Start small

The last thing you want is to spend a small fortune on supplies for your new hobby only to realize in a month that you’re just not into it anymore. Start by looking into some hobbies to do at home using stuff you already own or can purchase inexpensively. Then work your way up to taking classes, joining clubs, or investing in fancier equipment as you get more into it. Diving in headfirst straight away is a great way to burn yourself out and end up quitting too soon.


Sign up for a class

Starting a new hobby should be fun, but it can be frustrating if you have no idea what you’re doing. One of the best ways to familiarize yourself with a new activity is to learn from someone who’s an expert at it. In most cities, you’ll find plenty of local businesses and community centers that host art classes, cooking classes, and all sorts of other workshops that can teach you the basics. Sometimes they’re even free! And if you’re looking to learn from the comfort of your home, there are tons of online options for nearly every hobby imaginable. Sites like MasterClass and Skillshare are great places to start. And if you can’t find any classes that apply to your hobby of choice, good old-fashioned YouTube videos can be just as effective.


Enlist a friend

If starting a new hobby from scratch sounds intimidating, enlist a loved one to try it out with you. Instead of braving that ballroom dance class by yourself, for example, bring along your significant other or a friend and make it a fun date. Or invite them over to try out a new hobby you can do at home. If neither of you is any good, at least you’ll be able to laugh about it together. But if you both have a great time, you might just discover a new activity you can do together.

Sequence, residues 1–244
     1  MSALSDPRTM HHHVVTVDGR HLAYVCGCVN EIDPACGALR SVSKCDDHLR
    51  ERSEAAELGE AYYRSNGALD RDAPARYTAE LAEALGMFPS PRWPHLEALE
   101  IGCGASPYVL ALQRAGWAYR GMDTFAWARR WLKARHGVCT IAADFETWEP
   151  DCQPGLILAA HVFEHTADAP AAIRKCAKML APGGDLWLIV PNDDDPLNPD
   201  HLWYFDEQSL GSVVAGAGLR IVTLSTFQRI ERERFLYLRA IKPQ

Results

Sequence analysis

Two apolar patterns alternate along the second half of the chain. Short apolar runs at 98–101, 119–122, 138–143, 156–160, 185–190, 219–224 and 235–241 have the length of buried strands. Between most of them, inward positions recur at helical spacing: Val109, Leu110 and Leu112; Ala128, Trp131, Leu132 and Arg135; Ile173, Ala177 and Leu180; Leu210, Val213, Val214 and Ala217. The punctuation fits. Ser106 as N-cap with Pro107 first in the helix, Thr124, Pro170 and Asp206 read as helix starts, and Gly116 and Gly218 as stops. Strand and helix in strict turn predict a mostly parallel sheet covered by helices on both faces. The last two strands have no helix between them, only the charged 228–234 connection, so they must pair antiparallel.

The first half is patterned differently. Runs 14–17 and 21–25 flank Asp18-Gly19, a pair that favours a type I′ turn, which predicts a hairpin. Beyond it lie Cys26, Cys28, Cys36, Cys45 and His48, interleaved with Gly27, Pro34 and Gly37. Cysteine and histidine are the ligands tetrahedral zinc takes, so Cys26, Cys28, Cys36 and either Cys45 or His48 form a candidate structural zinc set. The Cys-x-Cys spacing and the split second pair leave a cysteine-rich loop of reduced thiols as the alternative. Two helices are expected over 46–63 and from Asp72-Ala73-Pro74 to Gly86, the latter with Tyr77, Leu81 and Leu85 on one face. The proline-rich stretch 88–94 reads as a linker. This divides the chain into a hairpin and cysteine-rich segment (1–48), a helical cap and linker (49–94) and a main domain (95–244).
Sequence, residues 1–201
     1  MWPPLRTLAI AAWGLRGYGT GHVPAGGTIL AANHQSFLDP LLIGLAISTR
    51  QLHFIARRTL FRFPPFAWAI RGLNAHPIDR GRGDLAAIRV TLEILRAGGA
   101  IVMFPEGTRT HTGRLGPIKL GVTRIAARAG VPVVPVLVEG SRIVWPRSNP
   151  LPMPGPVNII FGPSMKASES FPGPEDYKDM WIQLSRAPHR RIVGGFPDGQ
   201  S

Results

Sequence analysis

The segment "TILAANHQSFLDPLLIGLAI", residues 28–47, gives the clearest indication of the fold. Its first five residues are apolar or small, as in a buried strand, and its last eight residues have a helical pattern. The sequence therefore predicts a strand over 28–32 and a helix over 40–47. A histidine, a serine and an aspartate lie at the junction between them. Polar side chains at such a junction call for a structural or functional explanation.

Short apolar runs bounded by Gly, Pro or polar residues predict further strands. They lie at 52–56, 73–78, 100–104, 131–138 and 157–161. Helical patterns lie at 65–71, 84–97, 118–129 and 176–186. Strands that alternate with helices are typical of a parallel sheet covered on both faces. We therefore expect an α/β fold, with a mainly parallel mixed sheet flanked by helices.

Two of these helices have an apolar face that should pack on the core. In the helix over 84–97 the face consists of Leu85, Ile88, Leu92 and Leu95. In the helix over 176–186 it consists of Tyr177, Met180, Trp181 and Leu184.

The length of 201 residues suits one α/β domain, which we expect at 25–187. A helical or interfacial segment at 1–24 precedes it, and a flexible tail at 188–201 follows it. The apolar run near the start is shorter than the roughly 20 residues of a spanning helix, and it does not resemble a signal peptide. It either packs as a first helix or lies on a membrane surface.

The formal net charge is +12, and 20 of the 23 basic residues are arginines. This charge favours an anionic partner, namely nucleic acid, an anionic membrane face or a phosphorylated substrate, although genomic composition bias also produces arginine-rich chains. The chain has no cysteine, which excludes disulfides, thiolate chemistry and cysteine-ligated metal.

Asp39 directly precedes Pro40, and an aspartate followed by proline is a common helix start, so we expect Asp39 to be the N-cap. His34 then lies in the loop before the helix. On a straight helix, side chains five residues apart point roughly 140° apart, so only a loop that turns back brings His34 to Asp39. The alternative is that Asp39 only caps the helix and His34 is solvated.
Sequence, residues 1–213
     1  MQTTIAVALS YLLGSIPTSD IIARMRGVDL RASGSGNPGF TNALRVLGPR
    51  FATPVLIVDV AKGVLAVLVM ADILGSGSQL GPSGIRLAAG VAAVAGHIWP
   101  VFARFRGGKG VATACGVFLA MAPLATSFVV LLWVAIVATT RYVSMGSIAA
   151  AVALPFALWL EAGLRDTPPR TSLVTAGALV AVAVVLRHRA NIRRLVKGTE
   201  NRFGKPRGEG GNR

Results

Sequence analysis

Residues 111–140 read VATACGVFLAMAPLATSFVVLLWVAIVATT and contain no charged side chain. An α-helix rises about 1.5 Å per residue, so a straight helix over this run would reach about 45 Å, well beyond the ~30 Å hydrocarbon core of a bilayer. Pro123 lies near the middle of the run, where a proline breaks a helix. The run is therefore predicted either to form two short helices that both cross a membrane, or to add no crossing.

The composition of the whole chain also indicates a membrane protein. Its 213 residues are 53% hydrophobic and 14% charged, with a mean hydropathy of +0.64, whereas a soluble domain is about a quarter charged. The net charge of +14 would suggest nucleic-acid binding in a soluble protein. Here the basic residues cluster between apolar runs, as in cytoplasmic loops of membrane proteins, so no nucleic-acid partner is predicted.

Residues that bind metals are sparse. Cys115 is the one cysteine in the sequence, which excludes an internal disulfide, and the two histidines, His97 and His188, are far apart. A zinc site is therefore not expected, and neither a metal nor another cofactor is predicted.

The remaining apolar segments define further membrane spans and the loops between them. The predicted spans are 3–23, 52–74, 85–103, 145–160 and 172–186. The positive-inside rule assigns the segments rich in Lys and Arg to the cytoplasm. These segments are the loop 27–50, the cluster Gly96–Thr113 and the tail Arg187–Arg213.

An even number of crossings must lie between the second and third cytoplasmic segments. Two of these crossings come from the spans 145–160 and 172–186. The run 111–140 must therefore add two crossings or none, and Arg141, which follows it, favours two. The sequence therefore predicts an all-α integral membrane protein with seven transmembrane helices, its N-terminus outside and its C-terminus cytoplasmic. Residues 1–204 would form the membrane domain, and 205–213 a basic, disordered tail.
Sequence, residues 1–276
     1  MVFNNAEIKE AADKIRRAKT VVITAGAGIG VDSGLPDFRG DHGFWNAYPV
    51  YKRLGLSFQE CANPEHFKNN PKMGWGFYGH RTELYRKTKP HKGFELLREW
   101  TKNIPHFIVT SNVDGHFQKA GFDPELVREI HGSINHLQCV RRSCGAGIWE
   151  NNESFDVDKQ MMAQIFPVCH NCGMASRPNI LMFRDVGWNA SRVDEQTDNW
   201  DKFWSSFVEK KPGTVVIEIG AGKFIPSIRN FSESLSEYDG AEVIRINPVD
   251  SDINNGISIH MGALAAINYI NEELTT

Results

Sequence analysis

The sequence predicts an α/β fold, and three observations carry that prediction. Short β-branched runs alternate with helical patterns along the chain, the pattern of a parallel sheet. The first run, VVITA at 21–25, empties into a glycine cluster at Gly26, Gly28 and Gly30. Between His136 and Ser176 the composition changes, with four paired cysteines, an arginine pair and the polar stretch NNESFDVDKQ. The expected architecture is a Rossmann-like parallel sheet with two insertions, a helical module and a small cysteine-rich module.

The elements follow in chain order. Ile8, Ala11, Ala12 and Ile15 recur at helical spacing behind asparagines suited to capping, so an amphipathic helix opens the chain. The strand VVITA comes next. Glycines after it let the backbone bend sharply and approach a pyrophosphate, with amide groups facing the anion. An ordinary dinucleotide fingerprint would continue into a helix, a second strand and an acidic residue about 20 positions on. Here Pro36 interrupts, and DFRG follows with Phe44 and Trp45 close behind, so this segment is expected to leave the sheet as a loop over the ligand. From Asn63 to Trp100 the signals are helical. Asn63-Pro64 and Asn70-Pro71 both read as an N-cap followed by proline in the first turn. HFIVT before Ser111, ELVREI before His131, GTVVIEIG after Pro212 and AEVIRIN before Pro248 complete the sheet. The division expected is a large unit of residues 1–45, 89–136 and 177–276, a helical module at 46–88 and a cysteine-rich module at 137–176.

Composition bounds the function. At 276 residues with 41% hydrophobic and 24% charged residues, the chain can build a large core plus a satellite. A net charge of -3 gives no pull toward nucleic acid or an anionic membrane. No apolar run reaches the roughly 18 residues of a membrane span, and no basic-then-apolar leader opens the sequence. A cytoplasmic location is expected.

40+ Hobbies for Adults

Need some more inspo before you get started? Whether you’re looking for a cheap hobby you can start right now, a relaxing activity to help you wind down after work, or an active hobby you can do with friends and family, we’ve got you covered. Keep scrolling for a list of hobbies you can start as an adult—no experience or special skills necessary.

  • Learn how to cook
  • Paint or draw
  • Start a garden
  • Get into photography
  • Play pickleball or tennis
  • Create flower arrangements
  • Start a book club
  • Try creative writing
  • Experiment with mixology
  • Put together puzzles
  • Sew your own clothes
  • Take up jogging
  • Make jewelry
  • Practice yoga or meditation
  • Learn how to play chess
  • Start a blog
  • Master the art of baking
  • DIY furniture or decor
  • Go hiking
  • Learn calligraphy
  • Press flowers or leaves
  • Make your own soap
  • Take ballroom dance classes
  • Practice journaling
  • Join a sports league
  • Start scrapbooking
  • Learn how to knit or crochet
  • Go thrifting
  • Pick up rollerblading or longboarding
  • Pour your own candles
  • Dye fabrics
  • Take up golf
  • Weave macramé designs
  • Teach yourself a new language
  • Play board games
  • Make pottery
  • Learn to play an instrument
  • Go rock-climbing
  • Start a collection
  • Make your own beer or wine
  • Go bowling
  • Practice nail art
  • Work with polymer clay